2. An arrow can only affect your own status (important when designing new cards)

Regarding the rulebook, I think it would be a good idea to mention what the differences in fighting style Ulyses and Thadeus have (and any other fighter you might add later on). I realize Ulises is more of a slow brute and Thadeus is quicker but delivers less damage (in my mind, it's The Mountain versus The Viper from GoT) but to the first-timer, it might help when deciding a move to know what your character's strengths and weaknesses are as well as your opponent's.
 
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Alexander Okland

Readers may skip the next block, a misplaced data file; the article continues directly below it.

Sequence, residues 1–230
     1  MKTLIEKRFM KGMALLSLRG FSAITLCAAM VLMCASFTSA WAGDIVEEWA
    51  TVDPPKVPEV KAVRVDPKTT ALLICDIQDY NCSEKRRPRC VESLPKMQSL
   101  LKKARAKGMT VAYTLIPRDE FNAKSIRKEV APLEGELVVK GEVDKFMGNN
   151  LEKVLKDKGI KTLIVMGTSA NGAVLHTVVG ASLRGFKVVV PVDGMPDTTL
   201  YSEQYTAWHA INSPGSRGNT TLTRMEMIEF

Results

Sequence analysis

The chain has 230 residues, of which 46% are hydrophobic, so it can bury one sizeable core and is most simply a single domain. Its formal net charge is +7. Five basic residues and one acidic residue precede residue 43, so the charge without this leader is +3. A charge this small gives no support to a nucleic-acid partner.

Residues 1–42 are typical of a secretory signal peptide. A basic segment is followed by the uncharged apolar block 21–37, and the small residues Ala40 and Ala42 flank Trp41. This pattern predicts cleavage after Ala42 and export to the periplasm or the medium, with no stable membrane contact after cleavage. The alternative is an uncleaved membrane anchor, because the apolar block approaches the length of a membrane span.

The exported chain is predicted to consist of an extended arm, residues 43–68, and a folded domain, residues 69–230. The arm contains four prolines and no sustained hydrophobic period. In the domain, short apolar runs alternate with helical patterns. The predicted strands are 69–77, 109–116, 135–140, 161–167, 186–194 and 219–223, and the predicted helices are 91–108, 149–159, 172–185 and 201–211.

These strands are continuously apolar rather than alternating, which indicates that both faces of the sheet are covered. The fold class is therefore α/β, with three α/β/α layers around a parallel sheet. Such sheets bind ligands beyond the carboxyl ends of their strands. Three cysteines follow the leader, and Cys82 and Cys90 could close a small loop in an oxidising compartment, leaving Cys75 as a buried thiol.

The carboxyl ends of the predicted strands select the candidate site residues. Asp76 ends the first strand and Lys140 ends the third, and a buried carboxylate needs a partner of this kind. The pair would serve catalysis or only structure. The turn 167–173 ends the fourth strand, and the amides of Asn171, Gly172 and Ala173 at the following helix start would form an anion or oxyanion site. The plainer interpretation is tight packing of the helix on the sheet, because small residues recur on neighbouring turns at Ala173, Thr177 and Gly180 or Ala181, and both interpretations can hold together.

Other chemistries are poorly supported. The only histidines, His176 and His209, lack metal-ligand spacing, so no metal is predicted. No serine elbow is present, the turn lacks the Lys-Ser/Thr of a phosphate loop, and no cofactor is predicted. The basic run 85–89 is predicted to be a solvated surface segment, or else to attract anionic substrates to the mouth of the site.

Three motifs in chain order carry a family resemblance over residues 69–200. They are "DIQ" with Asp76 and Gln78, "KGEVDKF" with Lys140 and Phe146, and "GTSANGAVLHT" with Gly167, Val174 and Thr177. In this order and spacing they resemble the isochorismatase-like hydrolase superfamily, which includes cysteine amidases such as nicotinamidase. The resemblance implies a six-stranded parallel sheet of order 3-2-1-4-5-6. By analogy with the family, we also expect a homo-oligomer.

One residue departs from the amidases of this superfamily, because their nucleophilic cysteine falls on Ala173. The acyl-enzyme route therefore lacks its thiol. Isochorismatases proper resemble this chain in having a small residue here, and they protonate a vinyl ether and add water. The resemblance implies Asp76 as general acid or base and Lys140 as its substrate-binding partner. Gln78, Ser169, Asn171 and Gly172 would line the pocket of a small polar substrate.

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I haven't yet played, so I may offer no input about how the game plays, but I have printed out and "constructed" it. Using the two blank squares from the third sheet, I crafted little tents for the next move markers out of one and hit point counters out of the other. So, everything needed to play, including the ability to track hit points, is included in the printouts.

Just thought I'd throw that out there.

EDIT: Here's a link to a photo of what I did. For the hit point counters, I cut one blank square into eight parts, four for each player, with values on both sides of the counters. I've displayed each side using the counters for both players in the photo. I chose the values to allow for quick and easy hit point tracking while being restricted to just the four counters (I felt that the counters would be too small to register at a glance if I decided them further.) per player. The values are paired 20 and 15, 10 and 5, and two counters with 2 and 1.
https://docs.google.com/file/d/0B3al1pnzG8rhUUY2dk1KTlowcU0/...